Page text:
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Callicratidas's inclination renders him hypervirile... Callicratidas's sexual desire for boys, then, makes him more of a man; it does not weaken or subvert his male gender identity but rather consolidates it." In contrast, "Charicles' erotic preference for women seems to have had the corresponding effect of effeminising him: when the reader first encounters him, for example, Charicles is described as exhibiting 'a skillful use of cosmetics, so as to be attractive to women.'" Over-refinement, fine clothes and other possessions, the company of women, certain trades, and too much fondness with women were all deemed effeminate traits in Roman society.
At the time of the picture, the sight of an able-bodied adult male carrying an umbrella for himself in an English city or town still had some of the connotations of excessive dandyism or effeminacy that it had earlier in the 18th century.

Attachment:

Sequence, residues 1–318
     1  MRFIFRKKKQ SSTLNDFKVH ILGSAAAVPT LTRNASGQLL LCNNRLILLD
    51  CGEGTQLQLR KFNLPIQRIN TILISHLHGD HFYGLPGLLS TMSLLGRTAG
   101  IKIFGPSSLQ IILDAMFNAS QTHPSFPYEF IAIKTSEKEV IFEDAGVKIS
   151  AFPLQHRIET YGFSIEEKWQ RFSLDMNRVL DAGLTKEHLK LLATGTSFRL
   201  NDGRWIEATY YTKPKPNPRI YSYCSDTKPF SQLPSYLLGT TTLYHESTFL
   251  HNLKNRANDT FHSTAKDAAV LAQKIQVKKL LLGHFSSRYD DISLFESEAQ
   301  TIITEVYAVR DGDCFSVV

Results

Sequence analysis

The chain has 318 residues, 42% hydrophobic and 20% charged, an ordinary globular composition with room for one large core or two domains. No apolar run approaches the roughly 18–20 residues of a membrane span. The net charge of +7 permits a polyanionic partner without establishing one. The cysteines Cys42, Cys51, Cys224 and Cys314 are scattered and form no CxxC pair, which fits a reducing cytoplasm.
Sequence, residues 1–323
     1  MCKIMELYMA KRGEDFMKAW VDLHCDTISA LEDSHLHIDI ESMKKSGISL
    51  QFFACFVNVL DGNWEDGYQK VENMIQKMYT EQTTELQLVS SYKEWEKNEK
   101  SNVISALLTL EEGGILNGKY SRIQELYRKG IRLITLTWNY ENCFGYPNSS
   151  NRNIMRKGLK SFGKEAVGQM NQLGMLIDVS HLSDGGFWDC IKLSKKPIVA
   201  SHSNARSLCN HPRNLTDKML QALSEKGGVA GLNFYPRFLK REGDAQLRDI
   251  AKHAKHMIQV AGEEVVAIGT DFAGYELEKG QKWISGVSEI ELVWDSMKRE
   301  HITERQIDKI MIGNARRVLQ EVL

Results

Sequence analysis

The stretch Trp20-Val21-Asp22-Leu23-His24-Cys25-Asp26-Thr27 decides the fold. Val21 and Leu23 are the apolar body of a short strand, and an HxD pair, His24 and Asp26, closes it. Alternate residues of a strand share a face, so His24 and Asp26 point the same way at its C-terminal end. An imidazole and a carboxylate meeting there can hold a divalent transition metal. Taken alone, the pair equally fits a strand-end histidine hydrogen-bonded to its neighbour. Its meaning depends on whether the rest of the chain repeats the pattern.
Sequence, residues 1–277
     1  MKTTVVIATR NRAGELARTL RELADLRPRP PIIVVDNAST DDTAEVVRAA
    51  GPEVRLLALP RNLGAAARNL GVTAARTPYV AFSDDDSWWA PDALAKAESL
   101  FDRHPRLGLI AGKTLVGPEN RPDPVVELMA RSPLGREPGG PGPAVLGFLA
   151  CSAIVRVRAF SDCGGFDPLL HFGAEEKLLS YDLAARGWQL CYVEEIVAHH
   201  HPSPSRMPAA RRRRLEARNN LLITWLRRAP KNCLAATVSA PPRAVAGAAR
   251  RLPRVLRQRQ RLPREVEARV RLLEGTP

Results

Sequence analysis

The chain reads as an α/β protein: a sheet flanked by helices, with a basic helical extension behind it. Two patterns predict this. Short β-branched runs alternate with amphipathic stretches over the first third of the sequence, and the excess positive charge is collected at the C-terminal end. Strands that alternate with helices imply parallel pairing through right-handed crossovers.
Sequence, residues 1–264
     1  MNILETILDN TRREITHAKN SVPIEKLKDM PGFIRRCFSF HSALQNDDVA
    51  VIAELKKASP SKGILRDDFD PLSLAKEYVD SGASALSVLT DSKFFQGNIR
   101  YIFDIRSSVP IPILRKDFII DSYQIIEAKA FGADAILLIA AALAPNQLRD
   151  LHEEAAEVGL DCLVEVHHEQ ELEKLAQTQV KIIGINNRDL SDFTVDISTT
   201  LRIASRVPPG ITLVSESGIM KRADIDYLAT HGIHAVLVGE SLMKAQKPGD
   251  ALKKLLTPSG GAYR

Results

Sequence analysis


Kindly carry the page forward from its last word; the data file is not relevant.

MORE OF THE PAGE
Effeminacy is the manifestation of traits in a boy or man that are more often associated with feminine nature, behavior, mannerism, style, or gender roles rather than with masculine nature, behavior, mannerisms, style or roles.
Effeminate comes from the Latin effeminātus, from ex which is "out," and femina which means woman; it means "to be like a woman." Another Latin term is mollities, meaning "softness." In ancient Koine Greek, the word for effeminate is κίναιδος kinaidos (cinaedus in its Latinized form), or μαλακοί malakoi: a man "whose most salient feature was a supposedly "feminine" love of being sexually penetrated by other men." "A cinaedus is a man who cross-dresses or flirts like a girl.
Indeed, the word's etymology suggests an indirect sexual act emanating a promiscuous woman.
And among early modern partisans of the republican tradition, the term might be applied to those who were preoccupied with "womanly" concerns, such as the accoutrements of appearance, which were often associated with trappings of nobility or aristocratic aspirations, such as ostentatious dress, decadence in consumption habits, and rigid adherence to the proprieties or manners of social hierarchy.